I’ve been away in Seattle, visiting my family and attendng my wedding shower. (Lots of crafts, lots of fun, lots of quiche. Don’t ask me why.) My outdoor seeds–the spinach and lettuce that have sprouted, plus the carrots and peas that haven’t–I gave up to fate and the cold and didn’t even mention, but the indoor seedlings I asked Eric to take care of. He was terrified. “If I kill your plants will you ever let me stay alone with the baby?” he wondered (referring to a purely hypothetical baby).I left him a list of what to do:

1. Daily, rotate pots 180 degrees.

2. When rotating pots, check if they need water. If soil feels dry or looks light brown, water gently.

He needed me to explain “gently,” but otherwise agreed he could do this. I enjoyed myself in Seattle, admired my parents’ new yard, the white-blossoming trees I saw everywhere, the spring green on all the deciduous trees, and the sturdy dark green on all the evergreens, and came home late last night.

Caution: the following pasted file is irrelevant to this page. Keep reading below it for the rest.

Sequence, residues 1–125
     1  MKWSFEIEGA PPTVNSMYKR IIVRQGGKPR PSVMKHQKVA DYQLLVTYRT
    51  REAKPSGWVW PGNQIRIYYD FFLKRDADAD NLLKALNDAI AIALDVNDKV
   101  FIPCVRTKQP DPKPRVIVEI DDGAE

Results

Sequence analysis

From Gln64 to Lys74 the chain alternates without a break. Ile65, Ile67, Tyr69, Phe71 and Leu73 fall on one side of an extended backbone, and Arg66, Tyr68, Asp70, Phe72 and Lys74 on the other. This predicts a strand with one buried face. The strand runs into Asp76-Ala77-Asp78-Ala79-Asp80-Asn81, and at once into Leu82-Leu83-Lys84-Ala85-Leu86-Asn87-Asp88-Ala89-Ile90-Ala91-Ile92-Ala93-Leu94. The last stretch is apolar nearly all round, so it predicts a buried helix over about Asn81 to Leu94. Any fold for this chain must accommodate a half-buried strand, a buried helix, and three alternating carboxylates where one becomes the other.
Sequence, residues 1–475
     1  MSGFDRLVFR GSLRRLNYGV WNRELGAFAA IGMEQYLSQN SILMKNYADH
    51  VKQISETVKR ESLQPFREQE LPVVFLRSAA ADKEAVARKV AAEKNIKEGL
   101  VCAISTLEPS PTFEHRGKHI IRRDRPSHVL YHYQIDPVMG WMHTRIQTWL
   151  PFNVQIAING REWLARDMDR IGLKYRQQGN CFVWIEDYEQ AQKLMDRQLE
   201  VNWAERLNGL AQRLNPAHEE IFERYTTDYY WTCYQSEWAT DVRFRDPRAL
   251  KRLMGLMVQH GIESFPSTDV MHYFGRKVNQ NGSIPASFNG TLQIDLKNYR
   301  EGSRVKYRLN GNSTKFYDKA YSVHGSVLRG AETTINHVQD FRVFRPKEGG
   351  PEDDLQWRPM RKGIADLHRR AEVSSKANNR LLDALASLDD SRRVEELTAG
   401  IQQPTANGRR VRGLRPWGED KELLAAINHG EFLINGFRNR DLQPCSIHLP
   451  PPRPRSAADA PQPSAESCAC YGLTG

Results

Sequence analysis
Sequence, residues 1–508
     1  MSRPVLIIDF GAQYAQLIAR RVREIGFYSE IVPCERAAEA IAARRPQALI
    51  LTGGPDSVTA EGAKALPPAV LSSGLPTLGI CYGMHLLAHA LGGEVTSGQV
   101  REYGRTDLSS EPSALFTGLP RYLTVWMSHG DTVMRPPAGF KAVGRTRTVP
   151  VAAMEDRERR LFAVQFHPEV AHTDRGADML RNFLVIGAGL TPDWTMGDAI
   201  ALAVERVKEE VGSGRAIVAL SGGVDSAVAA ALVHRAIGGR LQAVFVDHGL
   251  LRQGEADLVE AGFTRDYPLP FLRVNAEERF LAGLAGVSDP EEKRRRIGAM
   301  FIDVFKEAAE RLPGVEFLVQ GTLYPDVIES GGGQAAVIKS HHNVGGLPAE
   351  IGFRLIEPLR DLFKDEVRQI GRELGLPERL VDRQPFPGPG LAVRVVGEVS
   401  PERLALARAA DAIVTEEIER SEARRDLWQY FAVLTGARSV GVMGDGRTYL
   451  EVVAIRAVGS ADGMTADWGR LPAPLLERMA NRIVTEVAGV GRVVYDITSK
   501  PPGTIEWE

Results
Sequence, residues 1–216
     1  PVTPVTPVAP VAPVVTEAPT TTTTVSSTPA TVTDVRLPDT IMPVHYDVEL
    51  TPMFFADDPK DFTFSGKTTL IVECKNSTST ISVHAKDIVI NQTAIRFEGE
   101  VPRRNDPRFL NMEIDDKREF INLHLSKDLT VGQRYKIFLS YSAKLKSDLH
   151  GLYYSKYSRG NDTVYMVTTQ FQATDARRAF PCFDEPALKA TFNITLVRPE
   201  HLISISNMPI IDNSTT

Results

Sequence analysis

“I watered your seedlings Friday,” Eric said on the drive home. “But I didn’t today. And I don’t remember if I did yesterday or not.”

It turns out he didn’t. The thyme and the marigolds were slightly moist, but everything else looked bone dry. Before I unpacked, before I got dinner (the only things I’d eaten that day being French toast, a little fruit, Chex mix, and an apple), before I gave Eric a real kiss, I watered.

“Did I kill your plants?” Eric asked mournfully. I said I didn’t think so, but I’ll have to check them again tonight.

When watering, I discovered a few more tiny strawberry plants had peeped out of the dirt, and the broccoli and sunflowers had shot upwards–I’m thinking I’m going to move them to the hall window, which is slightly dangerous but would provide them more sun than I can give at my already-crowded downstairs windows. The tomatoes and eggplants have both true leaves and are looking ready to repot. (I’ve been trying to figure out what pots to use, whether to get more Jiffy peat pots or use plastic cups or what, and then read online about making pots out of newspaper, so I’m going to do that once I run out of Jiffy pots and fake some trays for them out of foil, which is what I’ve been doing all along.) They’re growing up! Now I’m feeling like when we do have that hypothetical baby, I may well not let Eric alone with it–not because I’m afraid he wouldn’t take better care of his child than of a bunch of plants he doesn’t care about, but because I wouldn’t want to miss anything.